, Volume 33, Issue 1, pp 65–81 | Cite as

What Can Photo-Elicitation Tell Us About How Maritime Farmers Perceive Wetlands as Climate Changes?

  • Kate SherrenEmail author
  • Christiane Verstraten


Wetlands provide numerous public and private benefits, cushioning our vulnerability to climate change, yet wetlands are increasingly subject to land-use conversion. In Nova Scotia, land drainage has become as much a cultural practice as a production activity in the almost four centuries since Acadians started draining coastal marshes for farming. Nonetheless, many farmers have begun reintroducing and restoring wetlands. We undertook an exploratory photo-elicitation study with livestock farmers in Cumberland County, Nova Scotia, to understand what their farm landscape values suggested about their perceptions of wetlands and climate change without disclosing these specific interests. Farm landscapes evoked three general themes for farmers: pragmatic and immediate issues related to short-term economic viability; longer-term stewardship of ecosystem services, albeit an incomplete set of them; and, sense of place and identity. Many farmers clearly valued wetlands—and were having them constructed—largely to improve and regulate water quality. Climate change was not, however, a significant component of any narratives, much less those related to wetlands, potentially because of the visual methods employed to elicit them.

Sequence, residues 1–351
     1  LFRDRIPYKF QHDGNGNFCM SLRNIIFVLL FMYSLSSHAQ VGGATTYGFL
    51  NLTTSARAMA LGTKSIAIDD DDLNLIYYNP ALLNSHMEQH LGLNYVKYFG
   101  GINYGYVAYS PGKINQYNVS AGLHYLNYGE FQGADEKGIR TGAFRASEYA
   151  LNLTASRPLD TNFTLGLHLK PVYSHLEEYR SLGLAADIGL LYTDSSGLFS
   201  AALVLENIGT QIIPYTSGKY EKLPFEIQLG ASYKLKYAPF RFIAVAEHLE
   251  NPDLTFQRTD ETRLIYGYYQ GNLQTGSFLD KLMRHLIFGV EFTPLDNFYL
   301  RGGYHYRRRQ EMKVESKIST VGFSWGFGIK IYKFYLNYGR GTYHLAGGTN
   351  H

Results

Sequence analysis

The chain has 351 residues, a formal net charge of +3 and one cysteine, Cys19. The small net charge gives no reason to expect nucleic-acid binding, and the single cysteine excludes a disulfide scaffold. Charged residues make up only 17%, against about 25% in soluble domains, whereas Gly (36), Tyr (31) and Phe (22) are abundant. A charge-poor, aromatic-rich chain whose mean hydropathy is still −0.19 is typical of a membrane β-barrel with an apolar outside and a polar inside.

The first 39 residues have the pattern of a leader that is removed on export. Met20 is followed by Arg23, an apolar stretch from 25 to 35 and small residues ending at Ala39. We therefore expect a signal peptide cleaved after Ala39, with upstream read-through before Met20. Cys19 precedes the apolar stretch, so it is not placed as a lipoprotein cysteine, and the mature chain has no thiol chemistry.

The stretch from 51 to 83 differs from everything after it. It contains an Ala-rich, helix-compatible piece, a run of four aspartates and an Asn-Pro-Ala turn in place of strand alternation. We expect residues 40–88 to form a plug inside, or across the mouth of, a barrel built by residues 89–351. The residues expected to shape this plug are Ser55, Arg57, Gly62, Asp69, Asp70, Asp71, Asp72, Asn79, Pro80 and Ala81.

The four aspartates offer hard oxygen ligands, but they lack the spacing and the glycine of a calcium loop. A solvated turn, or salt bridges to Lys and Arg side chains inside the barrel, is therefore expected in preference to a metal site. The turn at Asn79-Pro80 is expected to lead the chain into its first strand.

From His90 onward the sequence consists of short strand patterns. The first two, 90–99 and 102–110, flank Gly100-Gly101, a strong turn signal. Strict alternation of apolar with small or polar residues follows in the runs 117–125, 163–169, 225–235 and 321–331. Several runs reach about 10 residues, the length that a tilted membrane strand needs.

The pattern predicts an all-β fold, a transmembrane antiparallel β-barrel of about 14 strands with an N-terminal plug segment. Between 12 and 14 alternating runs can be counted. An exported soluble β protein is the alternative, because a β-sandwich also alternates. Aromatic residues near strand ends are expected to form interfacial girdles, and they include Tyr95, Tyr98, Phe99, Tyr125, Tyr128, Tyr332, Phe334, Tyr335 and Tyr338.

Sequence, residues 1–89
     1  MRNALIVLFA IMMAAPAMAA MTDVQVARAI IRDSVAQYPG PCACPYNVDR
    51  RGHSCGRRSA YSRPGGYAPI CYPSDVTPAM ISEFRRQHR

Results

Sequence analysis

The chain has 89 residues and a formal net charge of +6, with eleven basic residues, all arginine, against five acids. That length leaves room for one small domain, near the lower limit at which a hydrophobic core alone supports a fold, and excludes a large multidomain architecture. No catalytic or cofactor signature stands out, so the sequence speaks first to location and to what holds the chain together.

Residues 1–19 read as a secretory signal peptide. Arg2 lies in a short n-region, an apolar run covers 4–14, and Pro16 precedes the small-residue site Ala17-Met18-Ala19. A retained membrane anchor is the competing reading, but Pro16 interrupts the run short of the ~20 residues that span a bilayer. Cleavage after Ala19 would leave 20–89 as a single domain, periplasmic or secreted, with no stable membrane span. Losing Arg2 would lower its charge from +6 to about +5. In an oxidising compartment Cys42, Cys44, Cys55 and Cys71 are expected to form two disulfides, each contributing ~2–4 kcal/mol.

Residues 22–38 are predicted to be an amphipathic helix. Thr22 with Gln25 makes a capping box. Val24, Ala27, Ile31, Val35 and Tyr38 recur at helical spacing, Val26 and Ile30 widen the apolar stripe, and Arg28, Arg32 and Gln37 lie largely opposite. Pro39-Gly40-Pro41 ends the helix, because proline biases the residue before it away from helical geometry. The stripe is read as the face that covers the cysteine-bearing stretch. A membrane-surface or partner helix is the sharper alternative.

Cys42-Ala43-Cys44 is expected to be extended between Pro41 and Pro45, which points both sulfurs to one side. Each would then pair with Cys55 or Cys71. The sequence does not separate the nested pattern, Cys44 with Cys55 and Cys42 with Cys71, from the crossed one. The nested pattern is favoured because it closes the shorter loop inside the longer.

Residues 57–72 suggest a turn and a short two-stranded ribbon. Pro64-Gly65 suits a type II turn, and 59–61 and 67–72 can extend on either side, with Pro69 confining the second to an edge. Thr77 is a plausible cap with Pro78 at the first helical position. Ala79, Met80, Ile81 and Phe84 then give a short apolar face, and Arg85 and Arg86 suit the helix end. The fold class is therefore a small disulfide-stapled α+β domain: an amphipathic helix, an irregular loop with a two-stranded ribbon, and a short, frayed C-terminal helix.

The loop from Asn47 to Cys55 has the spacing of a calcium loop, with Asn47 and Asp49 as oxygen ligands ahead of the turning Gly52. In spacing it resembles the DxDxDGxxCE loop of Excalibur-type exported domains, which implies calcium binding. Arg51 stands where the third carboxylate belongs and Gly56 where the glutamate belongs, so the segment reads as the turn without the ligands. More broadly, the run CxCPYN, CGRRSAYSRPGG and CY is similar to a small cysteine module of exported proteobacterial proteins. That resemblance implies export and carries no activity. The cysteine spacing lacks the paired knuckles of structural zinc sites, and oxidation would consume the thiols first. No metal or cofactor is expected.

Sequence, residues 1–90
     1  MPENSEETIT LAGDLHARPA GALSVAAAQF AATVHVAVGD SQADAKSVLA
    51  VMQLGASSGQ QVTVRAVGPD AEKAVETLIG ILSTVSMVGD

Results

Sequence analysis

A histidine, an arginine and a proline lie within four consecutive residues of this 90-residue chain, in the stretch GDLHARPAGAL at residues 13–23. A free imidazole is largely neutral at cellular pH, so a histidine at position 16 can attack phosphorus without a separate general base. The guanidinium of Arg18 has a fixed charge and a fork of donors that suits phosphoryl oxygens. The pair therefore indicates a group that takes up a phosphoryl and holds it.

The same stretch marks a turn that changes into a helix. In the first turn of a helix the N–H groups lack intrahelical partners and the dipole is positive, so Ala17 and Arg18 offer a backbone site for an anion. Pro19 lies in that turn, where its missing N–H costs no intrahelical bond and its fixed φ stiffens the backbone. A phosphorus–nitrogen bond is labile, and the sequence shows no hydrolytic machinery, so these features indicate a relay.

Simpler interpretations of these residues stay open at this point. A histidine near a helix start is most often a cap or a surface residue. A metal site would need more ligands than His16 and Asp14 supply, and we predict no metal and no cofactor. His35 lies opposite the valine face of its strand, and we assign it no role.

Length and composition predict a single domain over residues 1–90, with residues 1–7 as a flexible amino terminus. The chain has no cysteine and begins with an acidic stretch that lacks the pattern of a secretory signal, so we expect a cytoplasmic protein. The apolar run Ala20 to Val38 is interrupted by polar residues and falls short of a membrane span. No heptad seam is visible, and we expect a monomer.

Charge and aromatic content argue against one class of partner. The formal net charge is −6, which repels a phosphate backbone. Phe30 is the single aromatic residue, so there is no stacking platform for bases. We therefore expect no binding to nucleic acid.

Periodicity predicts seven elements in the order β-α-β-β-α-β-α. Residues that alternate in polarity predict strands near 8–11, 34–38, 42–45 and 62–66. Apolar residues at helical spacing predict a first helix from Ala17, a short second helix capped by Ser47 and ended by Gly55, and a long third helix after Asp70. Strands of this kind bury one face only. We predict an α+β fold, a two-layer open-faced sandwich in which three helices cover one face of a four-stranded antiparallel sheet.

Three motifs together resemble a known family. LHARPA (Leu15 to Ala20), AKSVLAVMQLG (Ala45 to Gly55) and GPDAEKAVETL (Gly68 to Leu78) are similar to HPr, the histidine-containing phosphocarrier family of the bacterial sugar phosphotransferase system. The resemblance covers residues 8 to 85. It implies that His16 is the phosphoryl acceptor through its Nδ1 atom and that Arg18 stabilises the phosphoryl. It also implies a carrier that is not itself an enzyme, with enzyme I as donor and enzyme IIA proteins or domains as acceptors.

Atlantic Provinces Agriculture Constructed wetlands Cumberland County Ecosystem services Landscape values Livestock farming systems Nova Scotia Photovoice 



This study was funded by the SSHRC Research Development Fund at Dalhousie University (via their Institutional Grant), generously supplemented by the School for Resource and Environmental Studies. The research method was approved by the Dalhousie University Research Ethics Board in June 2011 as complying with the Tri-Council Policy Statement on Ethical Conduct for Research Involving Humans. Thanks to Simon Greenland-Smith for research assistance and John Brazner for discussions throughout and beyond this work. Collegial comments from Bruce Roberts, Erin Smith, Patricia Manuel and one anonymous reviewer improved the manuscript. Most importantly, however, we send enthusiastic thanks to the 20 landholders who participated in the study.


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Copyright information

© Society of Wetland Scientists 2012

Authors and Affiliations

  1. 1.School for Resource and Environmental StudiesDalhousie UniversityHalifaxCanada

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